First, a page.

Rokag the Rider

While building the world of Veiadokuur, I wanted to include myths, legends, and histories that the characters would know of and be able to reference. Actually writing these out made the task more interesting for me, and gives me something to do when I need to take a break from working on the main narrative. Plus it’s fun to write stories like this, where gods interact with mortals. I scratched this one out in basically one sitting at my parents’ house, then revised it when I typed it up later. I wish I’d gone a little further with Rokag the Rider’s legendary exploits, but this is an origin story more than anything; in Blackskull tales, Rokag appears again and again with their trusty steed.

Originally Posted: September 26, 2016
Word Count: ~2000
Rating: G
Warnings: None

When Rokag was born, Rek’gor was already an adult. The sister god still visited us in those days to share her wisdom and her stories, and give us insight into the workings of the world. She also stood present at each and every Blackskull birth, guiding the caretakers and the parents in the process. Rokag’s body was tiny—thin little arms, sunken eyes, and skin as thin as a crinkled leaf and ashen as the northern, icy fields. The weak cries the babe made hurt Rek’gor’s kind heart. After the birth, Rek’gor said to Rokag’s parents, “Come—let me hold your child.”

Rokag’s parents trusted Rek’gor completely, as all orcs do. They handed her their little loved one and Rek’gor embraced the child. Rokag stopped whimpering, warm and comfortable, and looked up into the goddess’ eyes.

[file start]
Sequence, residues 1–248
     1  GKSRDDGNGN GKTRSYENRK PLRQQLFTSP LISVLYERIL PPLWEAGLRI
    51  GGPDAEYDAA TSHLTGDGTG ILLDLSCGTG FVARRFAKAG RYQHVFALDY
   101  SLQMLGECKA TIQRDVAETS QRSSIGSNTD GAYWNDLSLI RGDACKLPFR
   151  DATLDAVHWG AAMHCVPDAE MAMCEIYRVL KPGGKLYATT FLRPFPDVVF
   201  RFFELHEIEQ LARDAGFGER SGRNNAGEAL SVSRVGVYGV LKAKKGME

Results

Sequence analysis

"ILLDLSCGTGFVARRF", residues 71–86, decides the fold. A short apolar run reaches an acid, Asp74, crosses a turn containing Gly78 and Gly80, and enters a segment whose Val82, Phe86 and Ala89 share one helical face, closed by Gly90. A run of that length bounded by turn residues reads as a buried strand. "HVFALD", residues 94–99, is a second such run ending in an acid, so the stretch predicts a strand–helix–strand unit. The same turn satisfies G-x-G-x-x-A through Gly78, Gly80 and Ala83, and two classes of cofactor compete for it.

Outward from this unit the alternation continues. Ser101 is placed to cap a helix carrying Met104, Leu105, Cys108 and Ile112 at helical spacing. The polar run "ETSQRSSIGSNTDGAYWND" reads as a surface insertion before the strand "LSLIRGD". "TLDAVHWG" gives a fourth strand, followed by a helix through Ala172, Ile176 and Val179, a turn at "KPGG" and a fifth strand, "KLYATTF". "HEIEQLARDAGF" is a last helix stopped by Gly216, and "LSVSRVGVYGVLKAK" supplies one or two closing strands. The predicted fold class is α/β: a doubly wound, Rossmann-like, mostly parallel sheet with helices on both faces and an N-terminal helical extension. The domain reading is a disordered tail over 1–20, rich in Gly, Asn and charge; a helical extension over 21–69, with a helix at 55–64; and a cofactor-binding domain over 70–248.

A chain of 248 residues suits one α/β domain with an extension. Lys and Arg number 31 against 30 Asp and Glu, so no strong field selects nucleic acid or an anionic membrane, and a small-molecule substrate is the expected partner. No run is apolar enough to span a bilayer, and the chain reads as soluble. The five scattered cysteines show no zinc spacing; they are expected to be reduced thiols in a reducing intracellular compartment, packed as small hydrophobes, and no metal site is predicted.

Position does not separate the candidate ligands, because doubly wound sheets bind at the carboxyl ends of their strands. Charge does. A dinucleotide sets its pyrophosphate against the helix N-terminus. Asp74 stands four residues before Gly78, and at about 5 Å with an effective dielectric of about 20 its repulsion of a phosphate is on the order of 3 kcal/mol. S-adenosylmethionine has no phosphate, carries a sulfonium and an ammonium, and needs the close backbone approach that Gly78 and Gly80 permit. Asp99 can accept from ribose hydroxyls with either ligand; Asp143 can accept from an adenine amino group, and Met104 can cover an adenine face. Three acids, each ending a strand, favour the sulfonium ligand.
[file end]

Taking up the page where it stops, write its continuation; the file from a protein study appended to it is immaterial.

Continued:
“You wish to be stronger, don’t you?” Rek’gor said, speaking to Rokag’s heart of hearts. “Strong you shall be, young one. You can be anything you desire—here.” She touched Rokag’s chest with her great palm. Rokag’s skin darkened to the color of the most fertile soils, and after just one day, vitality flowed through the small one’s body. Rokag’s mother and father wept and thanked Rek’gor, who was only pleased to give their child health.

But something else changed about Rokag. Some days, Rokag looked like a girl. On those days, half of her hair was shaved, and the rest long and flipped over onto her left without either of her parents grooming her. Others, Rokag looked like a boy. When he was a boy, he pulled his hair back into a small ponytail and kept his sides smooth. But most of the time, Rokag shifted too often for his or her parents to get used to one way of addressing Rokag, except by first name and “they.” The rest of the Blackskulls followed their lead. “They” was simple, and made sense, and far easier than “he or she” or calling them Rokag all the time. Still, Rokag’s parents wondered why their child existed like this. They asked Rek’gor for her guidance. The sister scratched her head, shrugged, and said, “Perhaps it’s what they desire.” Shortly after, Rek’gor gained her third eye—and, well, you already know what happened from there.